Wednesday, May 23, 2018

Polish airmen offer poignant reminder of why we need to be more welcoming

immigration war politics xenophobia hate racism refugees

I recently had the opportunity to attend a special event in Cambridge commemorating five Canadians who died during the Warsaw Uprising in the Second World War. The people of Poland had endured the horrors of Nazi occupation longer than anyone else. Polish Jews perished in the Holocaust, and other Poles were forced into slave labour.

On Aug. 1, 1944, with the Soviet Red Army practically in the suburbs of Warsaw, the city's inhabitants rose up against their Nazi oppressors.

Soviet dictator Josef Stalin betrayed the Poles by holding his army back. It was to his advantage to have the German army distracted by the insurgents, but it was also to his advantage to let the Germans crush the uprising and kill Polish leaders and nationalists who might be problematic to his own plans for Poland once Nazi Germany had been defeated.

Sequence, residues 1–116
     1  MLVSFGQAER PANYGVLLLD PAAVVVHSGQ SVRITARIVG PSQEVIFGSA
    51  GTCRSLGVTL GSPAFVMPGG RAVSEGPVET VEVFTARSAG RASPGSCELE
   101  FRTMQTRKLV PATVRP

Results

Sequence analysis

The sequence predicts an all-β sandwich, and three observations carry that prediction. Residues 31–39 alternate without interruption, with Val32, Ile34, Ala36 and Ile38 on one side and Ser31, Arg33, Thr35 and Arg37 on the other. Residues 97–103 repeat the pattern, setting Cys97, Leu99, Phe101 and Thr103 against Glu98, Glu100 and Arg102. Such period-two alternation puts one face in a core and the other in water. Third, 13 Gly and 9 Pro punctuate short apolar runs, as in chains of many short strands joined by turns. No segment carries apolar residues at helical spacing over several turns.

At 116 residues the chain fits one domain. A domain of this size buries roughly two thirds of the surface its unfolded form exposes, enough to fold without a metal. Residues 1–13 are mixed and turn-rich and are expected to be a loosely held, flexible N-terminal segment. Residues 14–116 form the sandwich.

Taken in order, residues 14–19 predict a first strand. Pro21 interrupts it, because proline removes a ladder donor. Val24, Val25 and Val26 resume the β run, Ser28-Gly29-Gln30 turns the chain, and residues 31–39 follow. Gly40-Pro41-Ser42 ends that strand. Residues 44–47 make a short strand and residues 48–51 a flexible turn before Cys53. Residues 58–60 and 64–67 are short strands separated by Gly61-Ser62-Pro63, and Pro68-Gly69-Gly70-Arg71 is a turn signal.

The Western Allies organized an airdrop of arms and medical supplies to the Polish fighters in one of the first-ever operations of that kind. On Aug. 5, a Halifax bomber loaded with supplies was shot down by a German fighter plane. None of the crew survived. Among the dead were five Canadians:

Harold Brown, George Chapman, Arthur Liddell, Charles Wylie and Arnold Blynn. They ranged in age from 20 to 31 and were from across Canada. Today Poland honours them as heroes.  (more...)

No comments:

Post a Comment